Looking to add more ‘swing and miss’ stuff to the Blue Jays bullpen, General Manager Ross Atkins traded for Cardinals closer Jordan Hicks on July 30 ahead of the trade deadline in exchange for two Double-A pitching prospects, Adam Kloffenstein and Sem Robberse. He was also backfilling somewhat for an injured Jordan Romano, who’d been placed on the 15-day IL on July 29 with lower back inflammation.
Hicks went on to quickly set a Blue Jays record for fastest pitch ever thrown in the Statcast era at 103mph, and filled in admirably for Romano until his return on August 15th. The now-27-year-old Hicks had four saves in four opportunities, with seven holds in his 24 innings of work with Toronto, pitching to a 2.63 ERA in 25 appearances, with only eight walks against 22 strikeouts.
For the season, Hicks had a combined 3.29 ERA, and 12 saves in 65 appearances over 65.2 innings, with 81 strikeouts and 32 walks; his ERA+ was an excellent 132, i.e. 32% better than league average. His eight saves for St. Louis all came in the month and a half after he was named closer on June 17, when he replaced Giovanny Gallegos in the role.
With Hicks an impending free agent, rumor has it that the Blue Jays front office don't see Hicks and his 100mph heat as “a fit” according to front office whispers relayed by Sportsnet's Arden Zwelling on his “At The Letters” podcast and Ben Nicholson-Smith on the JD Bunkis podcast. Jays Journal editor Eric Treuden notes Hicks could potentially return to the St. Louis Cardinals as a free agent.
If Hicks truly wasn't a solid fit for the club, this would continue a troubling trend of Toronto making trade deadline acquisitions of rental players who played well here, but then making no attempt to even pursue them on the free agent market. That was the case with Taijuan Walker after the 2020 season, when the Blue Jays apparently never made a contract offer after he’d pitched to a 1.37 ERA in six starts and 26.1innings after being acquired.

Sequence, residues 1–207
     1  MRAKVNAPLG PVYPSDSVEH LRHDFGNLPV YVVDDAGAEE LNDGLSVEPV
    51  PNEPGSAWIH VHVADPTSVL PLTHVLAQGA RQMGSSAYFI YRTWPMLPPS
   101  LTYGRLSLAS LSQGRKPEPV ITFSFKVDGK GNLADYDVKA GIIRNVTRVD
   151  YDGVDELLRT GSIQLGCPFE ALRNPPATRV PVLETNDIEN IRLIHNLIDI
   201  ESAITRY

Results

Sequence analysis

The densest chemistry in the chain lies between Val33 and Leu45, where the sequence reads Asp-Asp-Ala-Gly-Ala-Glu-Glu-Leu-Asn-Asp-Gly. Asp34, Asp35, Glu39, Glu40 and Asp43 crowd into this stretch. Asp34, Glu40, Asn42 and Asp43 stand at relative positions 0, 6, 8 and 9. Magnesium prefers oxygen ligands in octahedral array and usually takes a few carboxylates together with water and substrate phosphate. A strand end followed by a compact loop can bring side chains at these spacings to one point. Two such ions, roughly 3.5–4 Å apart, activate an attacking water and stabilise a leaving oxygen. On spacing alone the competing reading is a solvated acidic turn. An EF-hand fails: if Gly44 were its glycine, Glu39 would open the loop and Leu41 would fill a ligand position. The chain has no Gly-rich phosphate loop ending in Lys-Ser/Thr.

Not to mention that the two arms the Jays traded away, Sem Robberse and Adam Kloffenstein, are now the #8 and #17 prospects respectively in the Cardinals farm system. That seems like a high price to pay for only 24 innings of work from Hicks, who they apparently won’t pursue in free agency.
As the League Championship Series proved yet again, having a lockdown bullpen is a prerequisite for postseason success in MLB. Bryan Abreu, Rafael Montero, Ryan Pressley, Kevin Ginkel, Paul Seward, Aroldis Chapman, José Leclerc, Seranthony Domínguez and José Alvarado are all ‘swing and miss’ arms who played in their league’s respective Championship Series.
Atkins admitted as much after the 2022 playoff exit, saying the Blue Jays needed “one of the best bullpens to be there at the end of the year.” So forgive Jays fans for thinking that trying to re-sign one of the best high leverage relief arms available after Josh Hader on the free agent market this coming offseason should be a high priority. Hicks is also the youngest available reliever in free agency this offseason, and the Jays, who had one of the oldest MLB rosters in 2023, need to get younger.
After making $1,837,500 in 2023, Hicks has his first opportunity to sign a free agent contract. He only just turned 27 in September, but already has five years of MLB experience. He seems to have found his niche as a back of the bullpen, high-leverage arm.
Spotrac estimates his market value at an AAV of $3.4M, and a ‘high water’ mark contract might be the three-year, $22M extension deal Phillies reliever José Alvarado signed when he was age 27. With almost $60M in annual payroll and retained salary dropping off after 2023, that’s certainly a number the Blue Jays can afford.
Jordan Hicks deserves a solid A for his half season with Toronto; and, he should be a priority to re-sign. What do you think Blue Jays fans; would you like to see Jordan Hicks back again in 2024 and beyond?
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